Presidency: Elections will be historic

President Jacob Zuma called on “born frees” to vote and decide the country’s future.

FILE: President Jacob Zuma on 12 June 2013. Picture: GCIS.

JOHANNESBURG - The 2014 General Elections will be historic, the Presidency said on Friday.

It said the future of South Africa will be decided by "born frees" who will be voting for the very first time.

The comments come after President Jacob Zuma earlier announced that elections will take place on 7 May.

The president said he was satisfied with preparations by the Independent Electoral Commission (IEC).

He made the announcement as the country prepares for the final voter registration drive this weekend.

But the announcement hasn't been made official through the Government Gazette, meaning registration can go ahead.

Presidency spokesperson Mac Maharaj says it's time for the youth of the country to contribute meaningfully to democracy.

"President Zuma would like to congratulate all first-time voters. They are coming of age this year and they will be deciding the future of this beautiful country.

"We rely on the youth, says President Zuma, to take the benefits of this freedom forward and build this country further. South Africa is their inheritance."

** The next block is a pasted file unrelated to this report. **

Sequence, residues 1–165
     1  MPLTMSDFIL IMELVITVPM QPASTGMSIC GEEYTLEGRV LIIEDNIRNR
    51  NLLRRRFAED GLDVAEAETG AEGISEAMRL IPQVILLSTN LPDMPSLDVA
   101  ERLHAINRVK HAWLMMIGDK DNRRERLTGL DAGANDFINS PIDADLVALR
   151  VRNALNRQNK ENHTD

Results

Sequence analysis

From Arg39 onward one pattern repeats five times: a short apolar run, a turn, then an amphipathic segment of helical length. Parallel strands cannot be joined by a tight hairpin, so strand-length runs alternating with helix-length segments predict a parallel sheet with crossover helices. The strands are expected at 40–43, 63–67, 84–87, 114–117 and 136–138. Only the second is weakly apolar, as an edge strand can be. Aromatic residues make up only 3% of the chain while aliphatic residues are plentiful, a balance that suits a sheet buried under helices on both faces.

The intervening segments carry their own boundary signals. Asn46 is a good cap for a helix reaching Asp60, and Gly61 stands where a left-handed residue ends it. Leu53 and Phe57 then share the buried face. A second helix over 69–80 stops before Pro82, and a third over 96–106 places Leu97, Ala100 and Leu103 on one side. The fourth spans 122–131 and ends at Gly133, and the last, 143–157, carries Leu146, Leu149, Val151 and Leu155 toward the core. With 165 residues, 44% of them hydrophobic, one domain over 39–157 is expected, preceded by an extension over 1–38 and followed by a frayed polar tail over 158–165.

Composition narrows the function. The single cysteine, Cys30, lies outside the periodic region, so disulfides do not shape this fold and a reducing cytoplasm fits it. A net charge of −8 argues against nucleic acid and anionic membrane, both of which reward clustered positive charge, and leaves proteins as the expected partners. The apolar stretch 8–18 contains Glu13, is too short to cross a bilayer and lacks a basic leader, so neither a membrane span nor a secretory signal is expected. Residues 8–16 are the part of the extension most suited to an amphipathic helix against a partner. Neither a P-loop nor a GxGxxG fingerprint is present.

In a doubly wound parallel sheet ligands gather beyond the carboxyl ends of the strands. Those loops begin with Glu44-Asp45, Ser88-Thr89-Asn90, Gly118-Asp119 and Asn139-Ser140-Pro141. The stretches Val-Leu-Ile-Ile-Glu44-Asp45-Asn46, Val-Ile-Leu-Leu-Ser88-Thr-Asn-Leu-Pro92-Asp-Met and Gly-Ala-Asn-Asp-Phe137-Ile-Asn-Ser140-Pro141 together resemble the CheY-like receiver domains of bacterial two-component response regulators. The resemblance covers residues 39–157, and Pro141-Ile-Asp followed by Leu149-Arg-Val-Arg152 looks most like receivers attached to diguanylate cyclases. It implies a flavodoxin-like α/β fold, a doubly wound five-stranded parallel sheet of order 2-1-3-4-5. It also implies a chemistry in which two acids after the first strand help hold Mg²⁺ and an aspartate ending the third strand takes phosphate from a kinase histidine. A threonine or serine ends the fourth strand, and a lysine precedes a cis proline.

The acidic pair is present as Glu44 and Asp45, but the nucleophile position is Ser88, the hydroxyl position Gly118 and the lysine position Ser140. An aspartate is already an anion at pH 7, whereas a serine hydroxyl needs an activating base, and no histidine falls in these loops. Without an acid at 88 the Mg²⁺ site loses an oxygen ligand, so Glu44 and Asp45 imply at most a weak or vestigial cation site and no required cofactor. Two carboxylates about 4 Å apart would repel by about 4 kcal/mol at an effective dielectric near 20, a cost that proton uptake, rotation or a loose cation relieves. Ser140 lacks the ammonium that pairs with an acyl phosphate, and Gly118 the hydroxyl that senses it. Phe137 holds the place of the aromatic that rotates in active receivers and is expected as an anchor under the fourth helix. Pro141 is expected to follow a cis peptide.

The 2014 polls will take place just 10 days after the 27 April anniversary of the 1994 elections.

Political analyst Daniel Silke says new parties such as the Economic Freedom Fighters (EFF) will bring a new dynamic to the polls.

"It's going to be a pretty combative election. We've got new entrants into the political playing field and they are pretty combative themselves - such as the EFF of [Julius] Malema. I think we're going to see an election filled with quite tetchy and testy rhetoric."

To read the president's full statement click here.


The South African Prisoners' Organisation for Human Rights claims tens of thousands of inmates will not register to vote in the elections as they do not have identification documents.

Voter registration in more than 200 prisons started on Wednesday.

The group's Golden Miles Bhudu says many prisoners won't cast their ballot.

Western Cape IEC head Courtney Sampson says while the prison registration drive is going smoothly, it is still too early to say how many inmates have registered.

"I've been to Goodwood and Drakenstein. This morning I was at Pollsmoor and the process is going very well. The offenders have been very well supported by the Department of Correctional Services and the department has also supported us very well."